He introduces a refreshing and exciting sense of creativity to the suburbanites. One particularly selfish and scheming member of the community, an aging seductress named Joyce, attempts to reel Edward in through a series of schemes and plots. This is all in an effort to satisfy her personal desires. She convinces Edward to visit a beauty salon that, according to her, could potentially be the future location of a beauty salon run by Edward and herself in which he could put his hair-cutting talents to use. They arrive at the unoccupied salon and she attempts to seduce him in a back room. However, this ultimately only serves to scare Edward and ends disastrously. She is greatly angered by his rejection, and proceeds to spread rumors that Edward took advantage of her, rather than tell the truth, which was quite the contrary. This is only the first case in which other’s selfish interests in what Edward can do for them results in him doing something that ends in total chaos.
Jim, who is the boyfriend of Peg’s daughter Kim, tricks Edward into helping him rob his own house because he wants to take some of his own father’s belongings. He sets the alarm off and the police arrive at the scene, and he is then taken to jail for his actions. After a psychological examination, though, he is declared to be unfit to judge right from wrong due to the great amount of time that he spent in isolation in the castle on the hill, therefore he is not punished for the break-in. However, because of the reputation he begins to obtain from Joyce’s rumors, along with the city’s new perspective of Edward as a thief, their infatuation with him greatly declines. After this, the next incident caused by his creativity and unique qualities occurs, and this is the final one. While Edward is making exquisite ice sculptures, Jim comes by to instigate even more trouble. As Jim is provoking Edward, he causes Edward to accidentally cut Kim’s hand. Kim and Jim then begin to fight angrily with one another and Kim finally breaks up with him, which sends Jim, remaining true to character, into a drunken rage. He and his drunk friend nearly run over Kevin, and when Edward tries to help, he accidentally cuts up the boy’s face and hurts him.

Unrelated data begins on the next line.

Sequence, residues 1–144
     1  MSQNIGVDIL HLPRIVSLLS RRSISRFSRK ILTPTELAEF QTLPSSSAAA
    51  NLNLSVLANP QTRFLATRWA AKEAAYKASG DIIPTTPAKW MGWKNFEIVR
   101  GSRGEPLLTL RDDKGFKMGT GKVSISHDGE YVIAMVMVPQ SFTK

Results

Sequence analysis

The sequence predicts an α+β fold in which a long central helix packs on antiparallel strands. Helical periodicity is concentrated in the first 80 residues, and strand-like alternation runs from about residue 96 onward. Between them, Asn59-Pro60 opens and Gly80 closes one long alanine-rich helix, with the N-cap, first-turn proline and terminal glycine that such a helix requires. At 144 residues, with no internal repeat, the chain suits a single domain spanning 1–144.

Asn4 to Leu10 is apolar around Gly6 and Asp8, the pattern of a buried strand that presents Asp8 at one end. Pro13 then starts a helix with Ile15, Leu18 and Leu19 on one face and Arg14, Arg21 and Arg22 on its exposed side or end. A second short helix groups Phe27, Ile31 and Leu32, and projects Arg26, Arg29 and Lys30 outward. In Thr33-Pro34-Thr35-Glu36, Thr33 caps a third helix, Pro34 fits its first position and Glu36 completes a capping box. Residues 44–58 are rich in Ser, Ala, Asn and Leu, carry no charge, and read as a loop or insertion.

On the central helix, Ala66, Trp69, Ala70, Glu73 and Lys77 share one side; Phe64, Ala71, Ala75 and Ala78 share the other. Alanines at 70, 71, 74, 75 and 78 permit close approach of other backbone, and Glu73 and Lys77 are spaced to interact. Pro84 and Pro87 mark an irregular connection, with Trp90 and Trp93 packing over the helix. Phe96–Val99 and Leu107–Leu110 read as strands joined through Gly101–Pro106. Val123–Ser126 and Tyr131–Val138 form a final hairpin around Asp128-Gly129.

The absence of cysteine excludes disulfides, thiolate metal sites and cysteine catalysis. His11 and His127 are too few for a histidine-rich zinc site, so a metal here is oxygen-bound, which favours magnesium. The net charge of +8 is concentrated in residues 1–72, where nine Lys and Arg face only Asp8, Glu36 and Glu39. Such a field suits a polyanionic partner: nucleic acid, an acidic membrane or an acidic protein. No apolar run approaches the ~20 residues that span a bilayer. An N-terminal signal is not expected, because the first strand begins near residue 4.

The police arrive, and following Kim’s advice, Edward flees to the mansion on the hill. At this point, it is quite obvious to the viewer that Edward’s creativity and individuality may only be a source of issue and the conformist suburbanites will never be able to truly accept him. While both Frankenstein and Edward Scissorhands are stories based on the creation of life, the messages of these two works are somewhat different. Shelley strives to warn the reader of the dangers of reaching for knowledge that is beyond the realms of what humans should be limited to, as well as to inform the reader that nature is sublime. Burton’s goal is to reveal the folly of humans when it comes to conformity and homogeneity. When Edward returns to the castle, the vast difference between the castle, along with the knowledge of the type of thinking that has taken place within, and the city below, where no individual seems capable of thinking or acting based upon their own opinions, both serve as reminders of the vast difference in these two methods of life.
In the castle, the architecture represents creativity and individuality. The castle also serves as a reminder of the creation of life that took place within—Edward’s creation. The closeness of these two settings and the contrast between the two illustrate the difference between the philosophy of the Gothic period and the philosophy and ideas of modern society, particularly American suburbia. Through scenes in the movie illustrating the significant role of conformity in Burton’s fictional suburban city, along with scenes depicting Edward’s struggle with being a creative and unique individual in a conformist world, Tim Burton satirizes the ideals of modern suburban society. In contrasting this with elements of the Gothic period, he draws attention to the folly of modern society’s obsession with conformity, along with the desire to “be normal” and “fit in”.